Dragon envy: review of Seraphina

seraphinaSeraphina by Rachel Hartman

A part of me wanted to dislike this book. You see I also wrote a novel some time ago that features dragons that can turn into humans. (It’s called Spitfire, and I’m currently revising it.) I know it’s not a completely original concept, but we writers are a jealous lot. And Seraphina appeared on a lot of 2012 “best of” lists. (more reason for writer envy).

But I’m happy to report I overcame the green-eyed monster, and I really enjoyed Seraphina. I particularly admired the book’s richly imagined world (which thankfully is nothing like the world in Spitfire.) The plot was intriguing: the main character named Seraphina has a dangerous secret and there’s a murder to solve from the outset—a prince is killed in a dragon-like fashion, threatening the tenuous peace between dragons and humankind.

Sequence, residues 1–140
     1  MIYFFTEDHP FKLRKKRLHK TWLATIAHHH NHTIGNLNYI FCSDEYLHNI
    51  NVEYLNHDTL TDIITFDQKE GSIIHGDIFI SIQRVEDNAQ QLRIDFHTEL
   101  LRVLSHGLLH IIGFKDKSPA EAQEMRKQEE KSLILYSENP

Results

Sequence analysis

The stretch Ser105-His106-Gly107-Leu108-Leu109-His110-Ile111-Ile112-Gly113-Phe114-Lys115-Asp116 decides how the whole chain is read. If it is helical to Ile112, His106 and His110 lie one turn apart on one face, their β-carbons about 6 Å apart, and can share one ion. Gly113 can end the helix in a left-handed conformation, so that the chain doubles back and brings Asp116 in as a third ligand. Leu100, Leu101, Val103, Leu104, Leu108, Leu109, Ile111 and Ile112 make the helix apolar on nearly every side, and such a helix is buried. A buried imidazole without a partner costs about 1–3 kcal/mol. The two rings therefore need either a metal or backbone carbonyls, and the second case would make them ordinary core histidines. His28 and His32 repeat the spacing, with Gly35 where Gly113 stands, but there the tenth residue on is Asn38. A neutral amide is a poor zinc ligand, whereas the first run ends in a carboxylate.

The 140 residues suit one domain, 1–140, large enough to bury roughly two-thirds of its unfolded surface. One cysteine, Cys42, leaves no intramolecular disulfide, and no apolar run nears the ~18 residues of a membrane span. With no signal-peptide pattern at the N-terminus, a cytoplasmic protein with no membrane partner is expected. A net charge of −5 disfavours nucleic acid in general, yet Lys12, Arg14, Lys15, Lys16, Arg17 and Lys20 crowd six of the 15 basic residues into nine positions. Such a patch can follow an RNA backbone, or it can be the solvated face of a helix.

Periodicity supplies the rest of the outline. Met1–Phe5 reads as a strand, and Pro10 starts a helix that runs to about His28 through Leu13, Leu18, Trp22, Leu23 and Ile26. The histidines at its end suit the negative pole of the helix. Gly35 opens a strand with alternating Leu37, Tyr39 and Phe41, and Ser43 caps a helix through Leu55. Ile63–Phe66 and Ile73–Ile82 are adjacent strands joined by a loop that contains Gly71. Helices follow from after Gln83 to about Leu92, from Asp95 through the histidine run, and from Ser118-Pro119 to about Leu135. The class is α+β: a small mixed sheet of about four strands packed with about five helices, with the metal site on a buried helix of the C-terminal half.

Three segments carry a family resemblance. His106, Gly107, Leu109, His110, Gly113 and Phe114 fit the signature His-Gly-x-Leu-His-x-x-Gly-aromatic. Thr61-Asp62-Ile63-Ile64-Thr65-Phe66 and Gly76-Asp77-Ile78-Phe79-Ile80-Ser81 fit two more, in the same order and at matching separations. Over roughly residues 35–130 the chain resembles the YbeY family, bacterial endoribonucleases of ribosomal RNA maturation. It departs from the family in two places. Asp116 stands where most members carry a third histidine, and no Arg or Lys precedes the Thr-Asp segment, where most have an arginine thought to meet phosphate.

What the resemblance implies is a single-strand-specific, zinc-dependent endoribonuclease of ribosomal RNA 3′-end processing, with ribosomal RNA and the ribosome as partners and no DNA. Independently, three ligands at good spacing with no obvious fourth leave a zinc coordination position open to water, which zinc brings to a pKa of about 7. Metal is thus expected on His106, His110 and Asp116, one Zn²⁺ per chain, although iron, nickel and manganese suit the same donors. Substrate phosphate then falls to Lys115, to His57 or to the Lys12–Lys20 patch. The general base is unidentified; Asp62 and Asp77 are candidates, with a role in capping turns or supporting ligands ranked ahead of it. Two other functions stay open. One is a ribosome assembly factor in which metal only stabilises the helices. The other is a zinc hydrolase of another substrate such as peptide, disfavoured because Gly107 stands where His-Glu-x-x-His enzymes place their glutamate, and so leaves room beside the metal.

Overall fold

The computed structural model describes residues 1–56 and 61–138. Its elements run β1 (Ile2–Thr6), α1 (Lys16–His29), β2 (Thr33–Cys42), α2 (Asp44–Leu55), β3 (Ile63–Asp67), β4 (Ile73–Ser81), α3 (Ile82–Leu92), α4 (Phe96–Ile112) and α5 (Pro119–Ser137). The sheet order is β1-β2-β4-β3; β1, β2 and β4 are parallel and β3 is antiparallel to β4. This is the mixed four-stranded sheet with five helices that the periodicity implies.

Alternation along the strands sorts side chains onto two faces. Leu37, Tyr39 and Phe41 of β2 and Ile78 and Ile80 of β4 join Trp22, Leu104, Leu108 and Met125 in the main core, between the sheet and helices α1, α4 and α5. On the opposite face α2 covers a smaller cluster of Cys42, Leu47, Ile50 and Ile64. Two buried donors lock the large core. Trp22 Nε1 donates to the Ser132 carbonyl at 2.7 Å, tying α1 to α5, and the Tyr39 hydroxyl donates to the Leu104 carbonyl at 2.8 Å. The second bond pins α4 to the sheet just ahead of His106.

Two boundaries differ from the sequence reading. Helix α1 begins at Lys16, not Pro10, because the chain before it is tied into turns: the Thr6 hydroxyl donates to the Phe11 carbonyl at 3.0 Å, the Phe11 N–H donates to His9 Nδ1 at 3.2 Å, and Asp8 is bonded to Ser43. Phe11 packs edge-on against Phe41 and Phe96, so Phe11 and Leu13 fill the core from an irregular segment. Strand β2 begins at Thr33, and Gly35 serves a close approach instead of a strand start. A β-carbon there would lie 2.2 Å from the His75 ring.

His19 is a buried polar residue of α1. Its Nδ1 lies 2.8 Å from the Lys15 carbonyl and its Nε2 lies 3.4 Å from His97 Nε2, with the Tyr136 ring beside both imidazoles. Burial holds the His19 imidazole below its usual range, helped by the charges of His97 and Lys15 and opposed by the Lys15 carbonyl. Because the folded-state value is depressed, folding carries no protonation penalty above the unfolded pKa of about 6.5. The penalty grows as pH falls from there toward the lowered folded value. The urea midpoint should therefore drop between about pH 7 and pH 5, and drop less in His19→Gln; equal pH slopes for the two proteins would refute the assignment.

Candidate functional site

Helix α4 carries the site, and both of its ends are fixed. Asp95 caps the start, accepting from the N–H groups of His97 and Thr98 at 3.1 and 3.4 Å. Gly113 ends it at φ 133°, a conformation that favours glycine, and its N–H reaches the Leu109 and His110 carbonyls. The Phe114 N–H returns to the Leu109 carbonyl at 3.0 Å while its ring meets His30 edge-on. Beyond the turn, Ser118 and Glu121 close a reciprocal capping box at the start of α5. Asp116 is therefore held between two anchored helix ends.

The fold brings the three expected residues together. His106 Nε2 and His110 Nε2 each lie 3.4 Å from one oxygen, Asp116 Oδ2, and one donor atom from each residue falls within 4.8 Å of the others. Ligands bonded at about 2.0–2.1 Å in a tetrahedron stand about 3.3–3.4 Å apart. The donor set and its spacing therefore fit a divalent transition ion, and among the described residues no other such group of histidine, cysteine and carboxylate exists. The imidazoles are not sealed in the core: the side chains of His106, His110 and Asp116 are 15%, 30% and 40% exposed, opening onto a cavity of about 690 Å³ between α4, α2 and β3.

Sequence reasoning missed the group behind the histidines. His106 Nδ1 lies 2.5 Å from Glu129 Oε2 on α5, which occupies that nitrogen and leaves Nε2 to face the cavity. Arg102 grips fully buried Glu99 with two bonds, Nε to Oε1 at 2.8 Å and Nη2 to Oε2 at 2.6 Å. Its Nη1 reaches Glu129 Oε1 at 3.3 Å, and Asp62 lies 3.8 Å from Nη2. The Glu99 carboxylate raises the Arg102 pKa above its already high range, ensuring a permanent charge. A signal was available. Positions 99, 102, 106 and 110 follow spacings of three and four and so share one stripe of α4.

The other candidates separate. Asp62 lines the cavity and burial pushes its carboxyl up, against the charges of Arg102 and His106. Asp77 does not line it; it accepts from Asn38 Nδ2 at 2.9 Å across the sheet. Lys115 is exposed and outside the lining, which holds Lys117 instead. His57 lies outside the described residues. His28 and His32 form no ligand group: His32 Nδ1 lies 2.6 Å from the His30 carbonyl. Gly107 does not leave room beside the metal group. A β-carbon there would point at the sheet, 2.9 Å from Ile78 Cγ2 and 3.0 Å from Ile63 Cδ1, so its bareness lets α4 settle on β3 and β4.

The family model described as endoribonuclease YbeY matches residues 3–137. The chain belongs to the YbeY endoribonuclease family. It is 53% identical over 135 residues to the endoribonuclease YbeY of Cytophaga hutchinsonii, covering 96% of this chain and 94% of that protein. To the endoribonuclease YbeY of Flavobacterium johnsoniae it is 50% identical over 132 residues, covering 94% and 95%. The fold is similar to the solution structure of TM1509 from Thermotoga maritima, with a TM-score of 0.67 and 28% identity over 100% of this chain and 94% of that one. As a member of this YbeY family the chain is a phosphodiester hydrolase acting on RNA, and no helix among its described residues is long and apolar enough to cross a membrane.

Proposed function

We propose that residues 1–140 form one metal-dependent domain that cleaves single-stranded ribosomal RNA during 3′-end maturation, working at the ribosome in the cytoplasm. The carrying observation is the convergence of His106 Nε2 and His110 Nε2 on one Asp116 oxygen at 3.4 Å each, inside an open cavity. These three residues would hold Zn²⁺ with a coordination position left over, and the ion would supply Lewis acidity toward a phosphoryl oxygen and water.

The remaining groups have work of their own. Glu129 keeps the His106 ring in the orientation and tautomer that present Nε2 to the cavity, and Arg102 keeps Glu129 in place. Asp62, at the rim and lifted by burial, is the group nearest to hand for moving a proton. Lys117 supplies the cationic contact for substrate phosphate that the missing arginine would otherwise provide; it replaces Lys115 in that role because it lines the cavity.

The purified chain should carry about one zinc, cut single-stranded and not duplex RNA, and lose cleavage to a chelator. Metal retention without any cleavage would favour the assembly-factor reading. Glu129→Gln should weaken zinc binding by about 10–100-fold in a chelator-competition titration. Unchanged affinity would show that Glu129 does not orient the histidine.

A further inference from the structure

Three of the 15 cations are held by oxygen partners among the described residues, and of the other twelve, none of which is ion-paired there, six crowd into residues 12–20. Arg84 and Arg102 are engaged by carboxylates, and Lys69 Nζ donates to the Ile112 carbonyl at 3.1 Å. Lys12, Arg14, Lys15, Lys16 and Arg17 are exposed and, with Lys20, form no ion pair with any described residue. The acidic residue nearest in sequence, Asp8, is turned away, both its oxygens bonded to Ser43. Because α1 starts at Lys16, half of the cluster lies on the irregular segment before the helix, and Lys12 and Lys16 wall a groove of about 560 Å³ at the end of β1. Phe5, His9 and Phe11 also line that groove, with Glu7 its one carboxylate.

However, the novel’s strength is also its flaw: there’s so much to the fantasy world of Seraphina, you have to wade through a lot of details—and not all of it feels necessary to the plot. For instance, the whole made-up religion with assorted saints that were hard to keep track of. Details like this takes up a lot of space and slows down the pace a bit.

But I think most fantasy fans and dragon lovers will enjoy being in the world of Seraphina so much, they won’t mind spending extra time there. They may even like it enough to get the next one when it comes out.

4_stars

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